What led you to shift from researching telomeres, work for which you received a Nobel Prize, to researching the origins of life?
Our telomere work opened up a lot of questions and brought in many brilliant people who would answer those questions. As this was happening, a lot of new research began coming out about ribozymes and the origins of life. This research caught my interest; I thought my laboratory could make a contribution to this field.
What niche does your lab occupy within the origins-of-life research community?
I see the field as a continuum, from understanding how planets form, to uncovering the early chemistry on a young planet, to the formation of increasingly complex molecules such as amino acids, nucleotides, sugars, and lipids. We’re asking, once those building blocks of life were present, how did they get together and start acting like a cell? How did a primitive cell adapt to different environments? How did Darwinian evolution emerge out of this chemistry?
What is your lab working on now?
Pretty much the total focus of our lab is on building a primitive cell. What we want to see in the lab are examples of spontaneous Darwinian evolution. We’d like to discover pathways—a plausible series of steps from simple to more complex molecules, from simple cells to more complicated organisms.
We’re working to solve how primitive cells begin to replicate genetic material spontaneously without enzymes. There are a lot of gaps in that story now, but we hope to fill in some of them.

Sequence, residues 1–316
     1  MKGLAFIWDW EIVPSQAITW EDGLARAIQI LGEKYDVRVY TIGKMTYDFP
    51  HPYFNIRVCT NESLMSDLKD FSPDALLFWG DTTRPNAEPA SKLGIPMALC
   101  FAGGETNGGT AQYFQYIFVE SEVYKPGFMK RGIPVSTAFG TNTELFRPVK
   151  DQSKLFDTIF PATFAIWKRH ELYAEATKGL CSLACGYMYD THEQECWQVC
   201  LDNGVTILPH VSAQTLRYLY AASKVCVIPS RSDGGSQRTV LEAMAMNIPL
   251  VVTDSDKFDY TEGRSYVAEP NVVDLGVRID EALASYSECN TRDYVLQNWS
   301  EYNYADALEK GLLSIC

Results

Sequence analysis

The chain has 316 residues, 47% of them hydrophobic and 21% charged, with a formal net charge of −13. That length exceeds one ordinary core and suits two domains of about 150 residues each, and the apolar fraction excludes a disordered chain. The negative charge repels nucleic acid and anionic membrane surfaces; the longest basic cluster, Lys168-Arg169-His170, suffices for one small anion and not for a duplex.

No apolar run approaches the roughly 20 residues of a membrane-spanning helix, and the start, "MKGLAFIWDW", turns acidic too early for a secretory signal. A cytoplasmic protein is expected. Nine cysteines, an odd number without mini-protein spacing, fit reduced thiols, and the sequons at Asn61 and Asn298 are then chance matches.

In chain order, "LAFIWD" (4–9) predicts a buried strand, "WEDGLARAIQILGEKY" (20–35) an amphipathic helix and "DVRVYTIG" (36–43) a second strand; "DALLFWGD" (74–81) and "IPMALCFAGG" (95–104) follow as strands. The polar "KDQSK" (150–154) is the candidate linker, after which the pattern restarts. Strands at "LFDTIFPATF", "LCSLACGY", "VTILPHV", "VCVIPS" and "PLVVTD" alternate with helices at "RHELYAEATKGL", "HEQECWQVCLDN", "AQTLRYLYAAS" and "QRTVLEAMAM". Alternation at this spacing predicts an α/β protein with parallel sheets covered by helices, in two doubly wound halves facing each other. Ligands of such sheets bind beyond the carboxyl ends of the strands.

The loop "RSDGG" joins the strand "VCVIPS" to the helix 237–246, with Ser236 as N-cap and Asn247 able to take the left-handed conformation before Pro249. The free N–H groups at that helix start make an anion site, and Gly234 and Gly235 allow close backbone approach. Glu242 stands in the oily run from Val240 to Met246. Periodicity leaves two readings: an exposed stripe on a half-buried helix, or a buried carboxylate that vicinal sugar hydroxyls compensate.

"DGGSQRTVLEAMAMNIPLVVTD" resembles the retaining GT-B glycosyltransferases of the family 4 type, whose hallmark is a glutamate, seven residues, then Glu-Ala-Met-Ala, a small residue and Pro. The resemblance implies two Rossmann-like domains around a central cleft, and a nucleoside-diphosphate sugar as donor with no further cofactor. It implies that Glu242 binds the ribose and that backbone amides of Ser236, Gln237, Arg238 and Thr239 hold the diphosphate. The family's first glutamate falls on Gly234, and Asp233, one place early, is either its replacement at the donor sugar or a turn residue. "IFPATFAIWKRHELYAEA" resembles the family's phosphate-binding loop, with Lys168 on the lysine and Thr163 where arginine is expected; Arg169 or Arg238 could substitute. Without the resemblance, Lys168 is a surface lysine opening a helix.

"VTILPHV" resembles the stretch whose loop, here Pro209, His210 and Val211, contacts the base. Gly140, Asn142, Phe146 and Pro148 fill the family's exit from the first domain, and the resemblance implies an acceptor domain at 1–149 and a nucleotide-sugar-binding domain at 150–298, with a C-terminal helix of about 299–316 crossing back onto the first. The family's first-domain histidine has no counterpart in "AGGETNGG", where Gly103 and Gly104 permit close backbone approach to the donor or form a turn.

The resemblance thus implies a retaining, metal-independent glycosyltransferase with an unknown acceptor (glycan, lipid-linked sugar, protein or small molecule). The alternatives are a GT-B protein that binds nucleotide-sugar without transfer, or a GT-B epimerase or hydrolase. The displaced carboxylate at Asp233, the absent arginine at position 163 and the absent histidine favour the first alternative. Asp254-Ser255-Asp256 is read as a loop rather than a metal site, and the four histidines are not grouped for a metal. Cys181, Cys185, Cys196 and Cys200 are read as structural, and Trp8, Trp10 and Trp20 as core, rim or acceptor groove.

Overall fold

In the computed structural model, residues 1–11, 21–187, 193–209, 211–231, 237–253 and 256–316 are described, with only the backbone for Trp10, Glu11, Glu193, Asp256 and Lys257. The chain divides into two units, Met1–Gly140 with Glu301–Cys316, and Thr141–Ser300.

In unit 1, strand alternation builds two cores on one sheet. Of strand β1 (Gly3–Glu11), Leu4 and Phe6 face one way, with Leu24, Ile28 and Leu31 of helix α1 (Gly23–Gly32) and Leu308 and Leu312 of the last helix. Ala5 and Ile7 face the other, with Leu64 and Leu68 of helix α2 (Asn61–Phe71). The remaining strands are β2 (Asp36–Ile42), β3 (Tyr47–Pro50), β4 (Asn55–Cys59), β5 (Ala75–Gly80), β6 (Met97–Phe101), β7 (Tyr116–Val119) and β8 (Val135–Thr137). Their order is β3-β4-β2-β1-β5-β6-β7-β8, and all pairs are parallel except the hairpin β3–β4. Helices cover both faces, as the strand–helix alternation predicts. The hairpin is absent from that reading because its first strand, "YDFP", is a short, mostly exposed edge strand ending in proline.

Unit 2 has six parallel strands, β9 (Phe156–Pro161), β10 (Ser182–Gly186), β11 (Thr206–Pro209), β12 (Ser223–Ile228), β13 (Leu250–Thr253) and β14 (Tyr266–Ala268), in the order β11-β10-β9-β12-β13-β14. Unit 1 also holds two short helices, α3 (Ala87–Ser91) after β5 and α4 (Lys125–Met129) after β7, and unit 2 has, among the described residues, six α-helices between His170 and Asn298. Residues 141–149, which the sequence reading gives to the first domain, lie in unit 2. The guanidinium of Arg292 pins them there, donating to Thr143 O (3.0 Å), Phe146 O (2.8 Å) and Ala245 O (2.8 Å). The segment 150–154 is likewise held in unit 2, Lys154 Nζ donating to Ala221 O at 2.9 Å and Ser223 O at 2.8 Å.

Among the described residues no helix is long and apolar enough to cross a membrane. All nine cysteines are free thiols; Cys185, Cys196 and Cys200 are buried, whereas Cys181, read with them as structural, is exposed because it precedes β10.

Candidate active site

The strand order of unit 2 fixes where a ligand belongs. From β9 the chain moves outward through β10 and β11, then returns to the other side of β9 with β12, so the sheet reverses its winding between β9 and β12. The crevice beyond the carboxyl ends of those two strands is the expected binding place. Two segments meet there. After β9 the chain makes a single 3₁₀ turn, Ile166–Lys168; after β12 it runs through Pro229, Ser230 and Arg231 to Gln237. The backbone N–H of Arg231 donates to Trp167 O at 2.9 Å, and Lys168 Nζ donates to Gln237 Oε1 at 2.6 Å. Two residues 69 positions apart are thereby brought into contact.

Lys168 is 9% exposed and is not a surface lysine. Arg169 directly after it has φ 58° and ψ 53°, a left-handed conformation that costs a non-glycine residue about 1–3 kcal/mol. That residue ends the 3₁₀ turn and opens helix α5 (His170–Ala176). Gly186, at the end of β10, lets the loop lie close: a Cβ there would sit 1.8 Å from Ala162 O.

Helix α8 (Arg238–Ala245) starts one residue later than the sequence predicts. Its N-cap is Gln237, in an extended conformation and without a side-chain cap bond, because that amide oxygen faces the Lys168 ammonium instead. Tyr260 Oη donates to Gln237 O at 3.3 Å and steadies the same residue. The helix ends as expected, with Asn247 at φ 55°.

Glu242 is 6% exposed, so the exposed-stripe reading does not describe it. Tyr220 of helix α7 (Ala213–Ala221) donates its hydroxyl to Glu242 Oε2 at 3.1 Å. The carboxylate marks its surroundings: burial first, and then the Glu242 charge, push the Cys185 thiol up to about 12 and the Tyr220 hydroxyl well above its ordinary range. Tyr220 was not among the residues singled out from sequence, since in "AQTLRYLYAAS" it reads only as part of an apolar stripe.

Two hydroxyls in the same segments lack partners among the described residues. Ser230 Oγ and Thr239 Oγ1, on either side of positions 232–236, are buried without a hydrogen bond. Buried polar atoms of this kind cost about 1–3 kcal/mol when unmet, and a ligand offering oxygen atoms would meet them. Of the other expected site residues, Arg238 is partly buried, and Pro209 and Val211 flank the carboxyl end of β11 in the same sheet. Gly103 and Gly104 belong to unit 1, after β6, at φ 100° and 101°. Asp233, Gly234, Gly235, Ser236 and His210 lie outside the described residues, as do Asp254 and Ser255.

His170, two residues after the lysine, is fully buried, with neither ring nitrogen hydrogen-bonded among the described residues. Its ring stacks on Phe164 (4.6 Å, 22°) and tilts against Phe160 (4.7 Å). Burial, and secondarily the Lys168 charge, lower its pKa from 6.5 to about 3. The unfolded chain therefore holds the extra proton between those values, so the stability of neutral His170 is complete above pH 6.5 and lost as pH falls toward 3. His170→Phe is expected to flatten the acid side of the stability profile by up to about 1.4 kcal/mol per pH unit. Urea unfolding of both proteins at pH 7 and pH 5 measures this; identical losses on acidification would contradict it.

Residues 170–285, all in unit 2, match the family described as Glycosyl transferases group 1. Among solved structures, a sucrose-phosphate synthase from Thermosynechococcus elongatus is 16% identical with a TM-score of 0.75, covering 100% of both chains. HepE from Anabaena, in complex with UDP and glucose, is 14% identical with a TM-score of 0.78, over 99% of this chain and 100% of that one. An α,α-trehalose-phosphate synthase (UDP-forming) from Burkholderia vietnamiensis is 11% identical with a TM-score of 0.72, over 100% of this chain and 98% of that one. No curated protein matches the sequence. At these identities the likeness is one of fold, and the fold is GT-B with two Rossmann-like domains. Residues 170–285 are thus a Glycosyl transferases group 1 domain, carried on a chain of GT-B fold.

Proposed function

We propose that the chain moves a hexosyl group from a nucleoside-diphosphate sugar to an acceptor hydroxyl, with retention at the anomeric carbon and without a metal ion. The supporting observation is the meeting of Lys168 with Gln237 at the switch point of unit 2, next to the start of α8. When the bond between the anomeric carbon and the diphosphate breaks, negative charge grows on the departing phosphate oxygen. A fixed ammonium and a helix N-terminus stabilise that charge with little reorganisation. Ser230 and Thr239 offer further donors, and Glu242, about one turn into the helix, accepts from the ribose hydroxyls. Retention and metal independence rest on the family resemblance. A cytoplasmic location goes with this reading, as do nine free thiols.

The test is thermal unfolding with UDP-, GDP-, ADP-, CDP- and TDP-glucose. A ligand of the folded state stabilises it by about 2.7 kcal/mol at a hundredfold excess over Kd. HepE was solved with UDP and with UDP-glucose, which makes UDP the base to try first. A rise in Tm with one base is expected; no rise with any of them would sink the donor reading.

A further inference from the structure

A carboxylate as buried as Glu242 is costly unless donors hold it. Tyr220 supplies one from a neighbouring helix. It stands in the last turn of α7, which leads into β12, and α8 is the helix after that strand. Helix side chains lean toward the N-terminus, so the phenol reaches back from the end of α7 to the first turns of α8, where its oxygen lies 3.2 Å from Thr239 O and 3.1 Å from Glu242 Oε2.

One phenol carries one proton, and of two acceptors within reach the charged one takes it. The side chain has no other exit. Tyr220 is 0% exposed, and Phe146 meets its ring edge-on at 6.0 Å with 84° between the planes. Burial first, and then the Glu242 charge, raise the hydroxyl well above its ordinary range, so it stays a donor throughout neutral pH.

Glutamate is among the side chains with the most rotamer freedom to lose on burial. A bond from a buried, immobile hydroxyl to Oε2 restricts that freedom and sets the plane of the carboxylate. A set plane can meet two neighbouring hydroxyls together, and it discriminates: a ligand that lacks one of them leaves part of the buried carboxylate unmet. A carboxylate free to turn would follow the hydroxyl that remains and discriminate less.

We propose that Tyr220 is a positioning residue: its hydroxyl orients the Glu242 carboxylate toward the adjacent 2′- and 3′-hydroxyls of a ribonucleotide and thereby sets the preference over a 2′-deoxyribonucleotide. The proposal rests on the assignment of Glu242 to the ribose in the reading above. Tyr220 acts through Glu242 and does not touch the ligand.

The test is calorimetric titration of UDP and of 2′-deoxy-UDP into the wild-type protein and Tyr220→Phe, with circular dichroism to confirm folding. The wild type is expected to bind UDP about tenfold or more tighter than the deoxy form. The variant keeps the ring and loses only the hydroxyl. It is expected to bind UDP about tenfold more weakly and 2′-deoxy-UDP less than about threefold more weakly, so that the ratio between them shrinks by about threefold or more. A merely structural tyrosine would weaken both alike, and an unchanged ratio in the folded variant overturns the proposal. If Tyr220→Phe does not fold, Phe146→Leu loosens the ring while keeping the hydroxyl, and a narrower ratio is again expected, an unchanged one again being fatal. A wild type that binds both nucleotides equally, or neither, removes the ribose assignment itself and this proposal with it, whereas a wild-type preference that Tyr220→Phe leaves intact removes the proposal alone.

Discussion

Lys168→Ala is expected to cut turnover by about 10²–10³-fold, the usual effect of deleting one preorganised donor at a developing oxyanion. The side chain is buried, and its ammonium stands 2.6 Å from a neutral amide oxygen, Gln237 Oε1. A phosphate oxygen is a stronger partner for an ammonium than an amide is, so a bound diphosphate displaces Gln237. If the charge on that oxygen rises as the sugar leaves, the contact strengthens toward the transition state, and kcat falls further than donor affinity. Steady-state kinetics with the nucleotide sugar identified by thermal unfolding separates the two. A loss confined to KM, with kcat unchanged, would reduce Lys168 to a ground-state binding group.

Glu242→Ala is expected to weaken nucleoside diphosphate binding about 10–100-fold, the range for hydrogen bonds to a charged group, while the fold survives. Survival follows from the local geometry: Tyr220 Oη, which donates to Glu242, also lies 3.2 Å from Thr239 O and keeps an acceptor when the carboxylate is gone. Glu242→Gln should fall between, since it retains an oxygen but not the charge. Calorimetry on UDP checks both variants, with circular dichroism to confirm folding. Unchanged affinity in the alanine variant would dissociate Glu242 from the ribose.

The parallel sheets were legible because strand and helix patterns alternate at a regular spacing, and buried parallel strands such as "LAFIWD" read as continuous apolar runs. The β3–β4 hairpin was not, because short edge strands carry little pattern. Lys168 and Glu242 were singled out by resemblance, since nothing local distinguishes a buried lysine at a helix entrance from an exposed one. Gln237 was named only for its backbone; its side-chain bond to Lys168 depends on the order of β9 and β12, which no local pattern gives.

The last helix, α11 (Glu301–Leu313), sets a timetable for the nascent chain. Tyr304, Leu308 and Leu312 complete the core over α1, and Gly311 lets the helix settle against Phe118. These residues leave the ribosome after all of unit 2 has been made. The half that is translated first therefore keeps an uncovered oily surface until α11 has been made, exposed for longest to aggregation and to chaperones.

You seem to prefer collaboration over competition. It that true?
It is. I’d rather be in a relaxed environment than in one driven by direct competition. The Harvard Origins of Life Initiative offers me that collaborative environment for it includes scientists from such disciplines as astronomy, earth sciences, chemistry, and biology. It’s fun because it’s so interdisciplinary. When we talk, we share perspectives that make the research we do together more exciting and, I think, more creative. Several of the astronomers in our group, for example, are involved in the Kepler mission, which is discovering new exoplanets every day. If I talked only with molecular biologists, I would miss opportunities to see beyond my discipline.
What inspired your fascination with scientific inquiry?
My father was an engineer, so I grew up with the idea that you test ideas by building things. That was what my lab did in the telomere story. We built an artificial chromosome to see if it worked the way we expected it to. It didn’t. That failure motivated us to learn something new to fill out the story.
We’re now taking the same kind of approach to study the origins of life, by trying to build a primitive cell. When we see how things work—or don’t work—we ask new questions and discover their answers.
Image: John Soares